fda (8)

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The FDA (Food and Drug Administration) is proposing additional record keeping requirements for a list of "high risk" foods under the US Food Safety Modernization Act (FSMA), which is intended to make it easier to rapidly and effectively track the movement of a food to prevent or mitigate a foodborne illness outbreak. The Food Traceability List (FTL) identifies the foods which would be covered by the new rule. The additional recordkeeping requirements would apply not only to foods specifically listed on the FTL, but also to foods that contain foods on the list as ingredients.

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The FDA (US Food and Drug Administration) is allowing temporary flexibility in food labelling requirements for manufacturers experiencing difficulty sourcing some ingredients during the COVID-19 pandemic. It has published temporary guidance to allow for minor formulation changes without updating labels, in order to help minimise the impact of supply chain disruptions associated with the current COVID-19 pandemic on product availability.

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The US agencies have issued letters to seven companies, and removed online listings from others, whose products falsely claim to prevent or treat coronavirus.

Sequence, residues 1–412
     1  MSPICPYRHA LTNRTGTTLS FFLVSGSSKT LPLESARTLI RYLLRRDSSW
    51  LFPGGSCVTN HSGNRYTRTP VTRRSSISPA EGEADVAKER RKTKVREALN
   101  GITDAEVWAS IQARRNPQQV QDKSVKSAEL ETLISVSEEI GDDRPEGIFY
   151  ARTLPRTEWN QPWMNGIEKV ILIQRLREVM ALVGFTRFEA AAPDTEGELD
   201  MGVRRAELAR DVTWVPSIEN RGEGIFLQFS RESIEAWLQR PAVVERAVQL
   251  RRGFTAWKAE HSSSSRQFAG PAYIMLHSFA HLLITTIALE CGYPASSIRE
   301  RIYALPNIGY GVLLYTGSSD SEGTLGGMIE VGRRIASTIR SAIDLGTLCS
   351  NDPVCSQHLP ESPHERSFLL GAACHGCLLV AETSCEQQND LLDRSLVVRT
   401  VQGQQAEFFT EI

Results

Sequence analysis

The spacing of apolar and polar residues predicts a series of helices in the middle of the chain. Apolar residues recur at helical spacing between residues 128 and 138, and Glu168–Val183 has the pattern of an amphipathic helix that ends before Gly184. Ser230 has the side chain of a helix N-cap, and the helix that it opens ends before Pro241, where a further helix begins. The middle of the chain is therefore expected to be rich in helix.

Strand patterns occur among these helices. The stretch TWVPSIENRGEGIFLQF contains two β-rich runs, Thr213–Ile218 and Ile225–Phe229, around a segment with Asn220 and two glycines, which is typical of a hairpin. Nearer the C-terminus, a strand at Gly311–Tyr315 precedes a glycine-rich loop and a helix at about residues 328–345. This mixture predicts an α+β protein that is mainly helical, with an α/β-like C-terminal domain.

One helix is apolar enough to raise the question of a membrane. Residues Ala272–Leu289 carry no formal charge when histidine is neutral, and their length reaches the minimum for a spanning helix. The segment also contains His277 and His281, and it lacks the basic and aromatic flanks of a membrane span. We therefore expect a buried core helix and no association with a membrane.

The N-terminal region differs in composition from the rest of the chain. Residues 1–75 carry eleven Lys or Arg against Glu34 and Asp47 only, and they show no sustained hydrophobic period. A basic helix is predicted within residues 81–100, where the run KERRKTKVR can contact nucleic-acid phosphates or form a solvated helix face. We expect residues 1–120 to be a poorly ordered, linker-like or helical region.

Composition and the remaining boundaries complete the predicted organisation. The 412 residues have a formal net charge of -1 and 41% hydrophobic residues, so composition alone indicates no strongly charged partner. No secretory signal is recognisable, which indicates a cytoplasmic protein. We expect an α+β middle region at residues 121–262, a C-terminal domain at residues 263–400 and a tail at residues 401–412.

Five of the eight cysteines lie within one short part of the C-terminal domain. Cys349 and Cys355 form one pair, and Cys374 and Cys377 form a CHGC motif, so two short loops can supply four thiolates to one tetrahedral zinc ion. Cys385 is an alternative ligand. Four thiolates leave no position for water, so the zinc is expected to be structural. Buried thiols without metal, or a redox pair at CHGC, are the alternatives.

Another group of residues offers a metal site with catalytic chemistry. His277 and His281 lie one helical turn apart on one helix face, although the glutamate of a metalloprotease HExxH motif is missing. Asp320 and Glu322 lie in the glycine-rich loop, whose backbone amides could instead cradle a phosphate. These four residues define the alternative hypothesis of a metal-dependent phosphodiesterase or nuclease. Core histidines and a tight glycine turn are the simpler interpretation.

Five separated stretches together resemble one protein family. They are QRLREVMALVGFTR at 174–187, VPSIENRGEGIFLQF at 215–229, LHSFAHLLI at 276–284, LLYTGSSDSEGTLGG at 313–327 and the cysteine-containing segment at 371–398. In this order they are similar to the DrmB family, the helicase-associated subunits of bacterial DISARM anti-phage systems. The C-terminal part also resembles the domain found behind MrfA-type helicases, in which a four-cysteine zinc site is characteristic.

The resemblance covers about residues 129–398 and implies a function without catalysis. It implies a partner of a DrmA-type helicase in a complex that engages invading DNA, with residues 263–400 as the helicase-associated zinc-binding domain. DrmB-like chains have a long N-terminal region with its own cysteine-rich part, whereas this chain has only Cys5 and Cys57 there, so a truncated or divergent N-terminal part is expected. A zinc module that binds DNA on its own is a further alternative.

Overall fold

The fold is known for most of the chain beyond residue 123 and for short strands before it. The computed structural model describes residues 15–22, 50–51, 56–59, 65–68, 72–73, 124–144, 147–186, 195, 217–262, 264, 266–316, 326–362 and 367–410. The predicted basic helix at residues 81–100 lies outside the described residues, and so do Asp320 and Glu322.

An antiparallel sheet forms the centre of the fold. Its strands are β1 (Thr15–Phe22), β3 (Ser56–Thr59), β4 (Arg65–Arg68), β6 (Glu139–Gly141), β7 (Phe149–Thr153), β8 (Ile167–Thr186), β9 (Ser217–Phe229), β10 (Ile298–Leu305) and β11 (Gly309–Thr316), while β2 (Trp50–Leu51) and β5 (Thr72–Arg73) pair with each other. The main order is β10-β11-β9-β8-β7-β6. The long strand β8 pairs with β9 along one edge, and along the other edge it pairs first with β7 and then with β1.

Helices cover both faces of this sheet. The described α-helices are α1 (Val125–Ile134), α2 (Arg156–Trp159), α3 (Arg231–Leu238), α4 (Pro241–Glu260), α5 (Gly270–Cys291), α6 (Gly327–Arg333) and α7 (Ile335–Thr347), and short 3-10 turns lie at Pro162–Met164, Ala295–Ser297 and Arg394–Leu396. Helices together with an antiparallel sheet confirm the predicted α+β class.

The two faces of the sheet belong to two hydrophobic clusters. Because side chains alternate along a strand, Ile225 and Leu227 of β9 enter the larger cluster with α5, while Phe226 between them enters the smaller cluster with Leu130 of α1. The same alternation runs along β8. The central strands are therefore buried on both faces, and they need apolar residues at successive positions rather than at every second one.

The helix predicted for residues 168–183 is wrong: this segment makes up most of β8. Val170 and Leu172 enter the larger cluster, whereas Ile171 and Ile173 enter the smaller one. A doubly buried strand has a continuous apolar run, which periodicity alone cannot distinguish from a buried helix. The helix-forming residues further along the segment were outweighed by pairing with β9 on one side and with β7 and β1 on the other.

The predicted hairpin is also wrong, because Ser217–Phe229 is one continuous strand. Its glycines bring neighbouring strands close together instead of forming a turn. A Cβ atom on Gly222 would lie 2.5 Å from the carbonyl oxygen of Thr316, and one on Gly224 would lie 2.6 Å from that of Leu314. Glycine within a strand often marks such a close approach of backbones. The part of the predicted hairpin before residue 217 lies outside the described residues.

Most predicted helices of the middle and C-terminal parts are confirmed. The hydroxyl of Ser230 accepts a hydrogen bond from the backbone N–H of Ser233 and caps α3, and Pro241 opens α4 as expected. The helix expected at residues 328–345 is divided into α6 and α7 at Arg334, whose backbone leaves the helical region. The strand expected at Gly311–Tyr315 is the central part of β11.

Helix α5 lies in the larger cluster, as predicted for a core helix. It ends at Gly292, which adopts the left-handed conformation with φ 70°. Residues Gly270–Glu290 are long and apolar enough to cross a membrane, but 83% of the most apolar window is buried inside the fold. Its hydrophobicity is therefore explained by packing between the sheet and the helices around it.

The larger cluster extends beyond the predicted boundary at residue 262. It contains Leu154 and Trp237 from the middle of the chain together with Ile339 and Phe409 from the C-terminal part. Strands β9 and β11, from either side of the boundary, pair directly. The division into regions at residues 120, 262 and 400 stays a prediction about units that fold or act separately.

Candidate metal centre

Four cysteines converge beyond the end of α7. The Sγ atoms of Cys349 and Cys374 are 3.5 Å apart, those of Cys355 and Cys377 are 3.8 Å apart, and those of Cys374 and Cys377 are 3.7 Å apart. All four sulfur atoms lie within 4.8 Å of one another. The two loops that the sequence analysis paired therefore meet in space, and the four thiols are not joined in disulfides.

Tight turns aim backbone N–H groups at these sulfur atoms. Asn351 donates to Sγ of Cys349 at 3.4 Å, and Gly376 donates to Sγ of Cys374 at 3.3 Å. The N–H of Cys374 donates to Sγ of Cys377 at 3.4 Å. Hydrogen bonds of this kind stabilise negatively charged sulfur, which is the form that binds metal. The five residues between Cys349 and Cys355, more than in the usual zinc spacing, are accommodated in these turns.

The US Food and Drug Administration (FDA) and Federal Trade Commission (FTC) have issued warning letters to seven companies for selling fraudulent COVID-19 products that claim to treat or prevent the virus. At current there is no approved prevention or therapy for coronavirus.

According to the agencies, the products being sold are unapproved and pose a significant risk to patient health, as they may be unsafe for consumption and/or stop or delay patients getting necessary medical diagnoses and treatments.

The companies selling these products are violating federal law and may be subject to legal action, including but not limited to seizure or injunction, emphasise the organisations.